Tannins are found mostly in red wines, derived primarily from grape skins, seeds and stems, but also from oak barrels. Tannin acts as a natural preservative that helps wine age and develop.
Red wines tend to have higher tannins than white wines due to prolonged exposure of the grapes to the juice which allows the tannin more time to dissolve in the alcohol and water in the wine.
There are also wood tannins that dissolve into wine through contact when wine is aged in wooden barrels. Oak barrels are the most popular choice, and an oak barrel can be used in winemaking for up to 70 years.
The chemical composition of these tannins are actually changed during the winemaking process.
According to Dr Paul Smith, a chemist at the Australian Wine Research Institute, “Wine tannins constitute evolved grape tannins plus some grape tannins in the same chemical state as they were in the grape.”
Dr Leigh Francis, also of the AWRI, expands on this: “Wine tannins are considered more complex than grape tannins due to the various chemical reactions that occur during winemaking and storage.”
High Tannin Wines
Courtesy of Wine Folly
Low Tannin Wines
Although scientists have never fully understood how plants produce tannins, according to Lynn Alley with Wine Spectator Magazine, an international team of scientists recently discovered tannin-producing organelles — a specialized part of a cell — in plant cells they call “tannosomes.”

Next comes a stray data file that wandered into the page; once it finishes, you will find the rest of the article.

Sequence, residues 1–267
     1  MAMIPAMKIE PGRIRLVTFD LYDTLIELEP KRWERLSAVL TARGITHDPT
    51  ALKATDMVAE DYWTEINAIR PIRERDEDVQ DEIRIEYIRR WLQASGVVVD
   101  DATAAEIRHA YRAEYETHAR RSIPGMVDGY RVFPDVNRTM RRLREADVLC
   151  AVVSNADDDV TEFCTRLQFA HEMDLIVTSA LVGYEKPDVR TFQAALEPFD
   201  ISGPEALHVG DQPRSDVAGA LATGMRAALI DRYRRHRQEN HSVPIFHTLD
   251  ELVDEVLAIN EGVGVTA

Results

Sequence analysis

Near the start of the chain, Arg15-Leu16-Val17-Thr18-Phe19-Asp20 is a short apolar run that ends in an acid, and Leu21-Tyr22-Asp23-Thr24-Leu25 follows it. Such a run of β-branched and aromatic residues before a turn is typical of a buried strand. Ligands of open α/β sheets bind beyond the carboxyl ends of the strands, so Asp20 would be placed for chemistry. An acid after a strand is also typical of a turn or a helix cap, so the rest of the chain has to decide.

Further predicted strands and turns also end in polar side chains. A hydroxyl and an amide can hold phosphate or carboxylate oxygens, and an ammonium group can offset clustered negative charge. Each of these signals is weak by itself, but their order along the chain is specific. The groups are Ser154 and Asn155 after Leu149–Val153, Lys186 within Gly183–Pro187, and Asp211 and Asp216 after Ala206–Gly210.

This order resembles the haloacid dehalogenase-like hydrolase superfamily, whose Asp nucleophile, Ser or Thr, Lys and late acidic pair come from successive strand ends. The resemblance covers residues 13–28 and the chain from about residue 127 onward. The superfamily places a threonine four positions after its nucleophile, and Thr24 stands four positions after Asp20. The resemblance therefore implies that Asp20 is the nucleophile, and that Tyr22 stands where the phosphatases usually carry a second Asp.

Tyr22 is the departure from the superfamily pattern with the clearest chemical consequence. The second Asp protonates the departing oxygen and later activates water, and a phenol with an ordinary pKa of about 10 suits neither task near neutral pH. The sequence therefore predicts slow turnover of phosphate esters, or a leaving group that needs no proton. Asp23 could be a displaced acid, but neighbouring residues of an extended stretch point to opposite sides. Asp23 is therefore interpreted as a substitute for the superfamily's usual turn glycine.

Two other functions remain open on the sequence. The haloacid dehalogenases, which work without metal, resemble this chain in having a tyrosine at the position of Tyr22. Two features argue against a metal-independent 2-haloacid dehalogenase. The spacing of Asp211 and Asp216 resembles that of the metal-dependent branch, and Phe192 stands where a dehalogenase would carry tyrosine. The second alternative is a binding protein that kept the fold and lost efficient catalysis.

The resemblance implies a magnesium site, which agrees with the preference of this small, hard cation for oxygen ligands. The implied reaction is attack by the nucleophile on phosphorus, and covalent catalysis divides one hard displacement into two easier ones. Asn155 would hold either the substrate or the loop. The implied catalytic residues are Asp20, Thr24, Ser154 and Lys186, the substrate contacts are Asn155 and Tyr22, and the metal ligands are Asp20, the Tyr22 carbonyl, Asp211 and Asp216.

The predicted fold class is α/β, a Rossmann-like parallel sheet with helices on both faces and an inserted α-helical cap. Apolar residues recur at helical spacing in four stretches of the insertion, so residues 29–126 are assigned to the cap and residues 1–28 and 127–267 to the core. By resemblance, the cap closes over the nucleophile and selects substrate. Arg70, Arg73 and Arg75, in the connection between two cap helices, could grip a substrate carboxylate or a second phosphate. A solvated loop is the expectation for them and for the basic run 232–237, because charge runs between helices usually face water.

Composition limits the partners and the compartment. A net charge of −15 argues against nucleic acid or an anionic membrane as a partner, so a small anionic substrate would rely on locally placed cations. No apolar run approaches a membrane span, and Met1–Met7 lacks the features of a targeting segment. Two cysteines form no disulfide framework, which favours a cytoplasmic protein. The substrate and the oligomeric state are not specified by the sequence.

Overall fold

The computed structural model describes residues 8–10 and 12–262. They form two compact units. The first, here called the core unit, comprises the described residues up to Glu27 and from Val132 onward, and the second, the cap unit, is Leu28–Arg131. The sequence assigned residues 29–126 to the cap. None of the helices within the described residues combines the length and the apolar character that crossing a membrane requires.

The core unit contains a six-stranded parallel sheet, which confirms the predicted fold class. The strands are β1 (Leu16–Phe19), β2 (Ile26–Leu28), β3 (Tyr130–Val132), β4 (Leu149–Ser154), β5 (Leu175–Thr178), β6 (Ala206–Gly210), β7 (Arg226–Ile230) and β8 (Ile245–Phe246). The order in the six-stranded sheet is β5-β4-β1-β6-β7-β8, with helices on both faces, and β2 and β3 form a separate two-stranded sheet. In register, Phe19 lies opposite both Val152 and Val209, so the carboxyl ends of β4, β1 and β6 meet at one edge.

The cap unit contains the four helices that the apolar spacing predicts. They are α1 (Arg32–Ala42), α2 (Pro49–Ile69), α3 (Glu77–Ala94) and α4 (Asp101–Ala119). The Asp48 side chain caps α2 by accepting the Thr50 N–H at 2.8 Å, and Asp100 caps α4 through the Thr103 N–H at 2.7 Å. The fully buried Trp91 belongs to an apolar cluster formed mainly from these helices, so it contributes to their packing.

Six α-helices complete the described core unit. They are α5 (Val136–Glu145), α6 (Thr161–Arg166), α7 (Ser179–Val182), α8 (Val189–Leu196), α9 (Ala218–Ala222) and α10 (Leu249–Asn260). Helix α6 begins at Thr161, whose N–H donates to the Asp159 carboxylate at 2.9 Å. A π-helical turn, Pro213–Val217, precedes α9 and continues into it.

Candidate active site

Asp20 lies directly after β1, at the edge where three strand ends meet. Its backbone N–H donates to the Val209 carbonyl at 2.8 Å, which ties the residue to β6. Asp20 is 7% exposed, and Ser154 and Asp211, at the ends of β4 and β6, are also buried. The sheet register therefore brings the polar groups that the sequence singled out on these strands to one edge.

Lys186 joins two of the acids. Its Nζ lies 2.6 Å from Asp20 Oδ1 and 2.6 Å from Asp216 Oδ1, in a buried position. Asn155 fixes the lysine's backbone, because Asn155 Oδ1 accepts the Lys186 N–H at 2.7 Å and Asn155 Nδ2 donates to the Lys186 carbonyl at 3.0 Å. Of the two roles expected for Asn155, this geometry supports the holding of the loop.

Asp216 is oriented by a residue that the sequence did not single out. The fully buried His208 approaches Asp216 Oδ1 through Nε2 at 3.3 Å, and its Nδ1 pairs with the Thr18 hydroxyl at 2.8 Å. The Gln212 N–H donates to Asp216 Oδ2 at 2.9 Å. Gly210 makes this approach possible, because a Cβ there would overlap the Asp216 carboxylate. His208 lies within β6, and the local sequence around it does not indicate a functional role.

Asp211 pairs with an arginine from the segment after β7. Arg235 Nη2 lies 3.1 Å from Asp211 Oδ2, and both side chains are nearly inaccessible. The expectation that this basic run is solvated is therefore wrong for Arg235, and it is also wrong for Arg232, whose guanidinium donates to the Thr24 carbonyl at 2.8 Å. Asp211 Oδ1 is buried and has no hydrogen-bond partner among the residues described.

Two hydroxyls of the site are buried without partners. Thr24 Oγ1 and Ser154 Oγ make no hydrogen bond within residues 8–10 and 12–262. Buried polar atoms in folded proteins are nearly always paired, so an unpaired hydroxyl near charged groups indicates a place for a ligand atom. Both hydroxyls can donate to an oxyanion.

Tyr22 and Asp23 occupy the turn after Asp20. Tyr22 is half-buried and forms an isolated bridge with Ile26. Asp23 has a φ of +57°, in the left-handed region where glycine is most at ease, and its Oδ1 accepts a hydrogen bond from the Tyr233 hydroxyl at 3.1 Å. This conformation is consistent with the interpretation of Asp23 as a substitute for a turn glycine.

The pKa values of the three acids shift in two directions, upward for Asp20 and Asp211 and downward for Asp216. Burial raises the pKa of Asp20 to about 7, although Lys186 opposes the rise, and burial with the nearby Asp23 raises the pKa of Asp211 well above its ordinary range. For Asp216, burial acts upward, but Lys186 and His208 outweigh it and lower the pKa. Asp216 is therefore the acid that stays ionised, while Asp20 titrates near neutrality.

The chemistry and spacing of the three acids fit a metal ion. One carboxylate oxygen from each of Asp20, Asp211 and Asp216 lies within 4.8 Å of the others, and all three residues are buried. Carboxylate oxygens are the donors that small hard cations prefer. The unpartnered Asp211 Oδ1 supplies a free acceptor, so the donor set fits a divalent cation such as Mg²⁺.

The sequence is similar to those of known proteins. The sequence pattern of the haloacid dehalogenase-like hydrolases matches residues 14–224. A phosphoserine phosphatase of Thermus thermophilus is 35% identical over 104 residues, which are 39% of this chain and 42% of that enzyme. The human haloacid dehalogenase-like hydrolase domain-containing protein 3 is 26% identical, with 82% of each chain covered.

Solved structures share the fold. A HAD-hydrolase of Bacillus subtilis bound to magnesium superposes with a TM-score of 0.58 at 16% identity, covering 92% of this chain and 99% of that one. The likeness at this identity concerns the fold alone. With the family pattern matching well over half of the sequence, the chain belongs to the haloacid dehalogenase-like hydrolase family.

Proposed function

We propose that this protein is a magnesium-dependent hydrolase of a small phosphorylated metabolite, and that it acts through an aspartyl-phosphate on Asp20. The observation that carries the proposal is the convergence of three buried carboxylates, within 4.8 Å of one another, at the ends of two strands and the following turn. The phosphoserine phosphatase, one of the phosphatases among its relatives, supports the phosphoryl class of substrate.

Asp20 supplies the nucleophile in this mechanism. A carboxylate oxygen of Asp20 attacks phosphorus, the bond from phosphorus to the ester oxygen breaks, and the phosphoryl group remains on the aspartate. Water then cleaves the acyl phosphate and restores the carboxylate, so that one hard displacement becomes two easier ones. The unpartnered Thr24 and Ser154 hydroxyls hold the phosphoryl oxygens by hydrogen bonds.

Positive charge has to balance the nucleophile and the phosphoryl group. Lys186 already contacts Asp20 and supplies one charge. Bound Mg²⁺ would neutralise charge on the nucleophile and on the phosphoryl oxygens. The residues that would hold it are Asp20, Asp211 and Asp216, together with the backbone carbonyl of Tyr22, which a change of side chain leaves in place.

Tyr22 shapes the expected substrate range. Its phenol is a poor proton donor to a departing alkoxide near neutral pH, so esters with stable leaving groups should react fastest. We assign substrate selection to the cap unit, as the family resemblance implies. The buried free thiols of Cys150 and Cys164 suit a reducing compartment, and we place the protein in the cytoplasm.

Working at the French National Institute for Agricultural Research at Montpellier, the research team reported the discovery in an article in the Annals of Botany.
In search of the tannins source, scientists detected the tannosomes while examining organelles in cells from multiple species of plants. Organelles are specialized parts of cells with specific functions. Initially, they assumed they saw chloroplasts, then realized organelles were actually producing tannins.
Alley explains that scientists think the caustic and acerbic tannins act as a primary mode of protection against predators and disease in the plant kingdom.
“Nearly all vascular plants contain tannins to some degree, often concentrated in the skins and seeds. Their bitter taste serves to deter creatures from munching on the plant’s vulnerable parts. Imagine the mouth feel and taste of an underripe persimmon or the bitter red skin around a peanut.”
Because tannins are water soluble, tannins from the stems, skins, and seeds of grapes and the tannins found in oak barrels make their way into the wine. And it’s the chemical reactions of tannins in the bottle that affect how a wine ages.
Alley notes the discovery of tannosomes will spawn new ideas in wine making.
“The manner in which tannin pre-cursors are assembled leads to different qualities in grape tannins and finished wines,” said Matt Brain, lecturer and cellar master at California Polytechnic State University’s newly formed department of viticulture and enology.
“Winemakers and growers might better understand how to more precisely impact tannin quality”